This is cool — so you can estimate the range of things ancient pterosaurs ate from how their teeth were worn, whether they ate lots of soft-bodied bugs like flies, or hard-shelled crustaceans, or soft-fleshed fish, by making a fine-grained inspection of their fossilized teeth and comparing them to modern reptiles.

a–c Reptile dietary guilds; a piscivore (Gavialis gangeticus; gharial), b ‘harder’ invertebrate consumer (Crocodylus acutus; American crocodile) and c omnivore (Varanus olivaceus; Grey’s monitor lizard). d–f Pterosaurs; d Istiodactylus, e Coloborhynchus (PCA number 5) and f Austriadactylus (PCA number 2). Measured areas 146 × 110 µm in size. Topographic scale in micrometres. Skull diagrams of extant reptiles and pterosaurs not to scale.

But they’re not done! Knowing the phylogenetic relationships of those pterosaurs, you can then infer evolutionary trajectories, getting an idea of how dietary preferences in species of pterosaurs shifted over time.

a Phylo-texture-dietary space of pterosaur microwear from projecting a time-calibrated, pruned tree from Lü et al.33 onto the first two PC axes of the extant reptile texture-dietary space. b Ancestral character-state reconstruction of pterosaur dietary evolution from mapping pterosaur PC 1 values onto a time-calibrated, pruned tree from Lü et al.33. To account for ontogenetic changes in diet, only the largest specimen of respective pterosaur taxa, identified by lower jaw length, were included. Pterosaur symbols same as Fig. 2. Skull diagrams of well-preserved pterosaurs not to scale (see ‘Methods’ for sources).

These results provide quantitative evidence that pterosaurs initially evolved as invertebrate consumers before expanding into piscivorous and carnivorous niches. The causes of this shift towards vertebrate-dominated diets require further investigation, but might reflect ecological interactions with other taxa that radiated through the Mesozoic. Specifically, competition with birds, which first appeared in the Upper Jurassic and diversified in the Lower Cretaceous, has been invoked to explain the decline of small-bodied pterosaurs, but this hypothesis is controversial. DMTA provides an opportunity for testing hypotheses of competitive interaction upon which resolution of this ongoing debate will depend.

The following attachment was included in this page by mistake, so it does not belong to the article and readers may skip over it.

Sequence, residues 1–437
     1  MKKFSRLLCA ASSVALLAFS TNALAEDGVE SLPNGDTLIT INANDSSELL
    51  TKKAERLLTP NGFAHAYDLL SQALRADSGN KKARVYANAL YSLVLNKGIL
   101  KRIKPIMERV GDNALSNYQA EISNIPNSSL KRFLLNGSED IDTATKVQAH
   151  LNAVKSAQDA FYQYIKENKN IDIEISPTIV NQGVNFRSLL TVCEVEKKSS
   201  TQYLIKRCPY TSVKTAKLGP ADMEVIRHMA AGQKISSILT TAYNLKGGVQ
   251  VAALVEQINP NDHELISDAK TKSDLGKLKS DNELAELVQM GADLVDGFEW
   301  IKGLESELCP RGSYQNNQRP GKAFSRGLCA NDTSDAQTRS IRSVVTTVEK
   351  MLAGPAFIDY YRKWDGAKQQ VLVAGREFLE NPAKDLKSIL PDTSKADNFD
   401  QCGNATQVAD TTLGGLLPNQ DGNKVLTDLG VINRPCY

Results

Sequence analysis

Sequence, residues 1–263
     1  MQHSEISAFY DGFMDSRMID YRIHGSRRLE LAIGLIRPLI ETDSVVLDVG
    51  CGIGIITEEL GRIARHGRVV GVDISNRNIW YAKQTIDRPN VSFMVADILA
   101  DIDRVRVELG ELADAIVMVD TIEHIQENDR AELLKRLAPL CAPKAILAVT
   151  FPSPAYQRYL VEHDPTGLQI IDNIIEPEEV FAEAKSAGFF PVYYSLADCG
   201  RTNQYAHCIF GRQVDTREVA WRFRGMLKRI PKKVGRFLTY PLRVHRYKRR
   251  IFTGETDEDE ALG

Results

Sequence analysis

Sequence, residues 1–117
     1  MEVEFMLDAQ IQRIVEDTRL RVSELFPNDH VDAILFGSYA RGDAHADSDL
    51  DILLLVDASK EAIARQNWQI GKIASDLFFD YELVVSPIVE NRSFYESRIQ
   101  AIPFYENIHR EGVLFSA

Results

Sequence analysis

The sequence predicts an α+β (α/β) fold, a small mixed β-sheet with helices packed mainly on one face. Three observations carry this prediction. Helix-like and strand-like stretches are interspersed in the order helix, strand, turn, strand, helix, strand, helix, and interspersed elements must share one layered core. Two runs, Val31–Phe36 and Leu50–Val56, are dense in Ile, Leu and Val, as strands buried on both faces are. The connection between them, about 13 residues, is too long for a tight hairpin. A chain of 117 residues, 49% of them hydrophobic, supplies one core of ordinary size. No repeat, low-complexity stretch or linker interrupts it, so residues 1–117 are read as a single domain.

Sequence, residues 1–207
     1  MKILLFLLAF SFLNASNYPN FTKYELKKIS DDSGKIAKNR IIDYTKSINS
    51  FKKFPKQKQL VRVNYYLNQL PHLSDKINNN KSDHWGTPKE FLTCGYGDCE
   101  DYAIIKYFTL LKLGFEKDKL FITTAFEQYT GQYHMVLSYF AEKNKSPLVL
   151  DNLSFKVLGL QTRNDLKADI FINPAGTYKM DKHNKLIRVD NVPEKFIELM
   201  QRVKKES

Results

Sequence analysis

In summary, our analyses provide quantitative evidence of pterosaur diets, revealing that dietary preferences ranged across consumption of invertebrates, carnivory and piscivory. This has allowed us to explicitly constrain diets for some pterosaurs, enabling more precise characterisations of pterosaurs’ roles within Mesozoic food webs and providing insight into pterosaur niche partitioning and life-histories. Our study sets a benchmark for robust interpretation of extinct reptile diets through DMTA of non-occlusal tooth surfaces and highlights the potential of the approach to enhance our understanding of ancient ecosystems.

So pterosaurs started as small bug-eaters and diversified into niches where they were consuming bigger, more diverse prey over time, which certainly sounds like a reasonable path. I don’t know that you can really assume this was a product of competition with birds — I’d want to see more info about the distribution of pterosaur species’ sizes, because expanding the morphological range doesn’t necessarily mean that you’re losing at one end of that range, but I’ll always welcome more ideas about how Mesozoic animals interacted.

Best river monster ever!

Back in 2014, a reconstruction of the full skeleton of Spinosaurus was proudly published. It had been assembled from multiple partial fossils, and was the best approximation of the organism possible.

It was an impressive beast, 15 meters long with that spectacular sail on its back.

At the time that Spinosaurus lived, what is now eastern Morocco was covered with sprawling lakes, rivers and deltas. As a top predator, the dinosaur would have had been among the rulers of an ecosystem teeming with huge crocodile-like animals, massive sawfish and coelacanths the size of cars.

Compared with other dinosaurs in its group — the two-legged, meat-eating creatures known as theropods — Spinosaurus has strikingly short rear legs. Ibrahim’s team interprets this as meaning that the dinosaur walked mainly on four legs. Its centre of gravity would have been relatively far forward, helping it to move smoothly while swimming.

John Hutchinson, a palaeontologist at the Royal Veterinary College of the University of London, is less convinced. He worries about the reliability of cobbling together different specimens to create a single picture of an animal. “We have to be careful about creating a chimera,” he says. “It’s really exciting speculation, but I’d like to see more-conclusive evidence.”

The caveat at the end was prescient. Some pieces were missing from the fossil record. Now that has been changed, and wow, it’s even more spectacular! The old tail wasn’t quite right — it had a broad paddle.

a, b, Caudal series (preserved parts shown in colour) in dorsal view (a) and left lateral view (b). c–e, Reconstructed sequential cross-sections through the tail show proximal-to-distal changes in the arrangement of major muscles. f, Sequential cross-sections through the neural spine of caudal vertebra 23 (Ca23) to show apicobasal changes. g, Skeletal reconstruction. Scale bars, 50 cm (a–e), 10 cm (f), 1 m (g).

OK, this is now my favorite dinosaur.